A PennDOT deputy secretary was named the new CEO of the Pennsylvania Turnpike Commission Tuesday.
The five-member commission named Mark P. Compton of Manheim, Pa., as its next CEO.
Compton has nearly two decades of public- and private-sector experience in transportation, administration, development, government affairs and construction, according to a news release from the commission.
Compton will start the turnpike post Feb. 1, 2013.
Compton’s selection was unanimously approved by the commission Tuesday at its bimonthly board meeting held at the turnpike’s Eastern Regional Office in Upper Merion Township in Montgomery County. He succeeds former turnpike CEO Roger Nutt, who resigned Oct. 31 citing health issues after serving as turnpike CEO for 19 months.
“Mark is a highly qualified, highly capable individual who is respected by many in the transportation industry, and my fellow commissioners and I are glad he’s joining the Turnpike as our chief executive,” turnpike Chairman William K. Lieberman of Pittsburgh said in the release. “He will continue the work his predecessors have done in streamlining operations, becoming a more modern, innovative agency and ensuring our customers receive a level of service and safety they’ve come to expect on the Pennsylvania Turnpike.”
Compton currently serves as PennDOT’s deputy secretary of administration, overseeing eight bureaus within the agency, including: human resources; information systems governance; business solutions and services; infrastructure and operations; and fiscal management.
Compton, who holds a Bachelor of Science degree from Penn State University with a major in government management and administration, said the turnpike has recently seen major changes in how it operates, with even wider changes on the horizon — changes that present challenges and opportunities for the commission.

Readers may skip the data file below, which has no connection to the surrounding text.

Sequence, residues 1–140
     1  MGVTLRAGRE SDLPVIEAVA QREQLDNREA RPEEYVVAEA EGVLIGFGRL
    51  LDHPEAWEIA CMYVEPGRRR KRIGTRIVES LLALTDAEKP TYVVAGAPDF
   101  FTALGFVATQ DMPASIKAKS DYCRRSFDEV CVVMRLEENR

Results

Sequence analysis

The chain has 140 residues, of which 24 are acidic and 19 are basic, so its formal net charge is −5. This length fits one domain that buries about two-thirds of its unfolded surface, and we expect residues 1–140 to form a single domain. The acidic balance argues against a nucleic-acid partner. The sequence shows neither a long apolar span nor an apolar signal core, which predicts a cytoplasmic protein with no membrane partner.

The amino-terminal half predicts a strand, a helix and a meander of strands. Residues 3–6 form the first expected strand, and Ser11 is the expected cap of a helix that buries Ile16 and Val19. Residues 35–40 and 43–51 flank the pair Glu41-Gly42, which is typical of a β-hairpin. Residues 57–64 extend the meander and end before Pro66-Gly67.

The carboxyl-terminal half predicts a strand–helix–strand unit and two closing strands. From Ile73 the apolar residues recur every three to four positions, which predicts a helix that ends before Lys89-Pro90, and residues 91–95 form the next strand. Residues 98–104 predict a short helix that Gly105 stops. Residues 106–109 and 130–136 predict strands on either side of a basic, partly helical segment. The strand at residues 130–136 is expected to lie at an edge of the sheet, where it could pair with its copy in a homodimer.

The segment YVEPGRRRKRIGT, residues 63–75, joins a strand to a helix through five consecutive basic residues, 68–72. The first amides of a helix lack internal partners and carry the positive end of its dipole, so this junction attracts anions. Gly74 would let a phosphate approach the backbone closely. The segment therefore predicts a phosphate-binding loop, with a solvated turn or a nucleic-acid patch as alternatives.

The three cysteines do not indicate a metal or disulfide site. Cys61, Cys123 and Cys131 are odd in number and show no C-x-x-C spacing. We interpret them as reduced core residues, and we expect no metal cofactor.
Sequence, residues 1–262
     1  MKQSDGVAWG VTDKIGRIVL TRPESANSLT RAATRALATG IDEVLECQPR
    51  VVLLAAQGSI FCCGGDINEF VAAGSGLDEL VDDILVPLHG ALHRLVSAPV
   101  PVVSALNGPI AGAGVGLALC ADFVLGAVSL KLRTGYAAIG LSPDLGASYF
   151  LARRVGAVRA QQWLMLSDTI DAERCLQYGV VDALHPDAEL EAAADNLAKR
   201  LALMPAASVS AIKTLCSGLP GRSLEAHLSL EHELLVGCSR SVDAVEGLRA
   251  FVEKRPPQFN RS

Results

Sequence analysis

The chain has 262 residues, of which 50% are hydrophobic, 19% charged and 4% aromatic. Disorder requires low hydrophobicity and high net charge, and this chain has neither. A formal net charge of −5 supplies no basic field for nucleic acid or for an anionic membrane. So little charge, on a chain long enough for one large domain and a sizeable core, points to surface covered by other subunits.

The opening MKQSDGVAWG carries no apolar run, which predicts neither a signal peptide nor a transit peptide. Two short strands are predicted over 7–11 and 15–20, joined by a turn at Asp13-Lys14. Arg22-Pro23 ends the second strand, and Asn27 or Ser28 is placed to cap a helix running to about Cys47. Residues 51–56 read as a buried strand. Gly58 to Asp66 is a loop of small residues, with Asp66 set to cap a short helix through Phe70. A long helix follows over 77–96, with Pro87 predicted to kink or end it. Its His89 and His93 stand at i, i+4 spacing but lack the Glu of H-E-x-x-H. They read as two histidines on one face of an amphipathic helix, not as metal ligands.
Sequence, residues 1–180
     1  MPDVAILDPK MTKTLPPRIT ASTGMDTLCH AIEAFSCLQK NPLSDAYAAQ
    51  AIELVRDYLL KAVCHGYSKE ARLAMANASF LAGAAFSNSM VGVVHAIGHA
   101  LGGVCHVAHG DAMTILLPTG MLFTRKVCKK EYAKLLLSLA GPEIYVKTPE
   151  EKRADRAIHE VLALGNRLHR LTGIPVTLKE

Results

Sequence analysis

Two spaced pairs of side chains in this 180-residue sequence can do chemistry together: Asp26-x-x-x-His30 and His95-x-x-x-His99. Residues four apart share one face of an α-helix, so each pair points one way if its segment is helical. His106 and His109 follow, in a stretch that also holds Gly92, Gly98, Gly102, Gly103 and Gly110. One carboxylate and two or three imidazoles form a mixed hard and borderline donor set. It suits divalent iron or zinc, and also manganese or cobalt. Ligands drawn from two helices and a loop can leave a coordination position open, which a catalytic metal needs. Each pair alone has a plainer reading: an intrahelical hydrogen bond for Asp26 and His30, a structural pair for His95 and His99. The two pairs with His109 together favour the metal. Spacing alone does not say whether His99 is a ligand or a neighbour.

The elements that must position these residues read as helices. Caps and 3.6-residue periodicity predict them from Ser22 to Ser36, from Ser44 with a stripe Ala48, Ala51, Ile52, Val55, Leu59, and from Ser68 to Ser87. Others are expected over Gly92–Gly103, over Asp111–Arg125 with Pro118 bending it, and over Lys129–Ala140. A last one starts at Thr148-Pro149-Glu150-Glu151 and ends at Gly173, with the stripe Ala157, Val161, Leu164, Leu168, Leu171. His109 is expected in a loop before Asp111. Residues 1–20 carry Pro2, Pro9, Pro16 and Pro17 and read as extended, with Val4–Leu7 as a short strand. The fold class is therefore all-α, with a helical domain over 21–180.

“The role of the turnpike continues to evolve to the changing demands of its customers and the Commonwealth,” Compton said. “I look forward to my role in shaping the policies and programs that will position the Turnpike as a leader at this critical point in time of meeting the Commonwealth’s needs for transportation services.”
Before joining PennDOT, Compton served as director of government affairs for American Infrastructure, a heavy civil construction company comprised of four distinct companies headquartered in Worcester, Pa. Prior to that, he worked in various public and private operations, focusing largely on transportation, construction and economic development.
Turnpike COO Craig R. Shuey will continue to serve as acting CEO until Compton officially takes over as CEO in February.
The Turnpike commission was created by the Pennsylvania Legislature in 1937 with authority to construct, finance, operate and maintain the toll road. The Pennsylvania Turnpike opened to the public in October 1940. Four commissioners, appointed by the governor and confirmed by the state Senate, and the state secretary of transportation serve on the commission for four-year terms.